India's government is aiming to encourage housing growth by incentivizing investment through various tax breaks. Better than expected economic growth, and the new housing investment tax breaks, may boost India's real estate market in the not so distant future. For more on this, see the following article from Property Wire.
Real estate developers in India are to get tax breaks if they complete projects by March 2010 as part of a major stimulus drive by the government to boost the country's recovering economy.
The government will also extend tax breaks for industrial park schemes and road projects to stimulate the economy and lift growth to 8 to 9% by the end of 2010, the finance department confirmed.
Another plan to provide a 1% interest subsidy on home property loans up to a million rupees for one year is expected to boost the real estate sector even further.
The news comes on the back of predictions from the Central Bank that the Indian economy will grow at a faster pace than forecast earlier this year. It had been thought it would grow 5.7% but now it is expected to be nearer 6.5% and Pranab Mukherjee, finance minister, said that it should reach 8 to 9% by 2010.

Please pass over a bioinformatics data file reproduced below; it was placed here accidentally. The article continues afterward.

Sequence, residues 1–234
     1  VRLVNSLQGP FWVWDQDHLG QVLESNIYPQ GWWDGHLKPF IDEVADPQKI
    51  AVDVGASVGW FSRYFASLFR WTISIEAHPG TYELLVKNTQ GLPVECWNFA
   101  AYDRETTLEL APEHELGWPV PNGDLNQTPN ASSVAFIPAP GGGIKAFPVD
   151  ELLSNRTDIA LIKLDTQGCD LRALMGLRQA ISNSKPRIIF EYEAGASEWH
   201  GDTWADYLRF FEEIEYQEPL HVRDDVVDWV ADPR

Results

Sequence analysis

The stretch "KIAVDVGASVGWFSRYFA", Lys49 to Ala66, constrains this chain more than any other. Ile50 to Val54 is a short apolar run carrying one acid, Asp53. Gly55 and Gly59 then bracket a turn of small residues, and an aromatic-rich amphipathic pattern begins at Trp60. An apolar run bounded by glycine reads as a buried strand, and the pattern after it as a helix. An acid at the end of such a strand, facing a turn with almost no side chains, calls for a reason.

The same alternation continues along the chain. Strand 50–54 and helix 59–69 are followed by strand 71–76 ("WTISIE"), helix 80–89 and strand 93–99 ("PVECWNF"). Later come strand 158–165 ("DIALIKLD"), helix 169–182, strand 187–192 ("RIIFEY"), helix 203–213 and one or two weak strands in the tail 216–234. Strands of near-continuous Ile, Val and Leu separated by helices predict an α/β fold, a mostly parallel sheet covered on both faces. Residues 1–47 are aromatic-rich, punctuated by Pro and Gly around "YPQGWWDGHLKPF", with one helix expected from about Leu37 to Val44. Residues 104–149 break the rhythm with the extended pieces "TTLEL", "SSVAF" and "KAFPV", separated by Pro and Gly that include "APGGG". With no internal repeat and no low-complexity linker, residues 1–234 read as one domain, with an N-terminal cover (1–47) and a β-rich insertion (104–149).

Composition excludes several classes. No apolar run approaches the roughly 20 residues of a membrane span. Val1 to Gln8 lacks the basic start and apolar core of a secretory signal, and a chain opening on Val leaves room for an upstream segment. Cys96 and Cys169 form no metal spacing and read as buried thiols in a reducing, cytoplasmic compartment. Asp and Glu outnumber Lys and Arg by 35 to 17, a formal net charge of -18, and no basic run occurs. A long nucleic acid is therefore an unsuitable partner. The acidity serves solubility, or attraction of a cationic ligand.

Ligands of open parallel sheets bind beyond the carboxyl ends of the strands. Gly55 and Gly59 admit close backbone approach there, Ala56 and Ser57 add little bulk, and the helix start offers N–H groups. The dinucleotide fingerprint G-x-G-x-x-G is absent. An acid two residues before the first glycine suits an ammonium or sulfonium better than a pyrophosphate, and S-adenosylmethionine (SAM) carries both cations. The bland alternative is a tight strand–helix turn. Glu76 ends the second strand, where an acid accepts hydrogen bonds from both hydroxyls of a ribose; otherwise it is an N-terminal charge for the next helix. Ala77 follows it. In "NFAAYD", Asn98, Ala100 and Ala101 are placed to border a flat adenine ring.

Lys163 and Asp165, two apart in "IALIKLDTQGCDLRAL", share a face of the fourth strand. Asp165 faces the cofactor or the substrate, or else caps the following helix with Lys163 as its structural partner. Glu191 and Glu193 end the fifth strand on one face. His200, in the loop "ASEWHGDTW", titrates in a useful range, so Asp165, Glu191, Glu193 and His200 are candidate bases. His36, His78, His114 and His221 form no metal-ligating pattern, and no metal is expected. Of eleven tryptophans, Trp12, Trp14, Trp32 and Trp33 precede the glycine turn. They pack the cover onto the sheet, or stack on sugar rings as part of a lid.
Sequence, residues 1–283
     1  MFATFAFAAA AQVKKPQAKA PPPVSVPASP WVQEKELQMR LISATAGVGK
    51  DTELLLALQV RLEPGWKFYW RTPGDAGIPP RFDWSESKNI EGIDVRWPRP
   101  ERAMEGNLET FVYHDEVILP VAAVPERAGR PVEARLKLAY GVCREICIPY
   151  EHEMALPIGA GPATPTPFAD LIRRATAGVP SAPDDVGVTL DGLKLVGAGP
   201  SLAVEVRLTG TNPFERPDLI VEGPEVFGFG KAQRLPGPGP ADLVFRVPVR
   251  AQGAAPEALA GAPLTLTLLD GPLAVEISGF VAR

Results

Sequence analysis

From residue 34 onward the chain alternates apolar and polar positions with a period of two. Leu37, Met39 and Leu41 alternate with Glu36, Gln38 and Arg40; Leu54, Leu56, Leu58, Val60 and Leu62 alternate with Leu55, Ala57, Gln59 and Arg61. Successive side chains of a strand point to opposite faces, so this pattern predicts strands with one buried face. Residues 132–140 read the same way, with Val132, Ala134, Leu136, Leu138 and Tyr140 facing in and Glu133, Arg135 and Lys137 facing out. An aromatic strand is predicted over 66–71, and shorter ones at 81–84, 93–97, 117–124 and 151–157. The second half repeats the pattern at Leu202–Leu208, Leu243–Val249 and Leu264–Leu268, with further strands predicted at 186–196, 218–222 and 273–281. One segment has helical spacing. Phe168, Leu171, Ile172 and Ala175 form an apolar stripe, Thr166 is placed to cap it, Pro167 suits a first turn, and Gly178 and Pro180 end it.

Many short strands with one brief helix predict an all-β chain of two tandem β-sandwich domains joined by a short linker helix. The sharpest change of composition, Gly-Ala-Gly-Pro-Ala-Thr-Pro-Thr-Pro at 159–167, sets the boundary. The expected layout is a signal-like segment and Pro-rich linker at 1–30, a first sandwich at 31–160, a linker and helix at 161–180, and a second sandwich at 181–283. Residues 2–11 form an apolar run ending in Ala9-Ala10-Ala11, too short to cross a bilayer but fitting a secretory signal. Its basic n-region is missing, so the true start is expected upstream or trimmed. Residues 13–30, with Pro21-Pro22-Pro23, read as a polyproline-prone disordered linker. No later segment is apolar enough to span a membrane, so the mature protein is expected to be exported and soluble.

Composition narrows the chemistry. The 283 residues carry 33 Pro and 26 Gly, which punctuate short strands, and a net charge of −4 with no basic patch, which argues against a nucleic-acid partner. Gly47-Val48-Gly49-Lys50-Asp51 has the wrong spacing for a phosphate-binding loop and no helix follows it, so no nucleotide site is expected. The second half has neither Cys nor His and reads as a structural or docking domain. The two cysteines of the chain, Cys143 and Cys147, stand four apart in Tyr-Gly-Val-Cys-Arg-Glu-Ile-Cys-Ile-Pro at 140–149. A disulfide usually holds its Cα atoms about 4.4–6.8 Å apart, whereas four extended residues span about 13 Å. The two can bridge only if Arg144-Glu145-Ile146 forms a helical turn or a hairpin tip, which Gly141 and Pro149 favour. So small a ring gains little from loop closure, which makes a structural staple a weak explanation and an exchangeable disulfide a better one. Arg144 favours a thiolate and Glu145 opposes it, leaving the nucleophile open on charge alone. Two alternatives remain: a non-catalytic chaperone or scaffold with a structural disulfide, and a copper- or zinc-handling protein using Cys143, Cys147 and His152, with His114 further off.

'In India, the economic recovery has begun and I am confident that we will be able to reach the high growth rate of 8 to 9% by the end of 2010,' he said.
Because of this it was necessary to help the real estate and construction sectors as they play a key part in the economy, he added.
The confidence is echoed in the banking world. 'The macroeconomic outlook of the Indian economy, based on various business expectation surveys indicates that the earlier decline in overall business sentiment has reversed,' the central bank said in a report.
The bank, which has slashed interest rates six times since last October, is expected to keep them low to help the recovering economy.
'The RBI's key interest rates look set to remain unchanged for some time. The expansionary budget and prospect of a pickup in wholesale prices in the months ahead makes a near term rate cut unlikely,' explained Robert Prior-Wandesforde, a senior economist at HSBC Holdings in Singapore.
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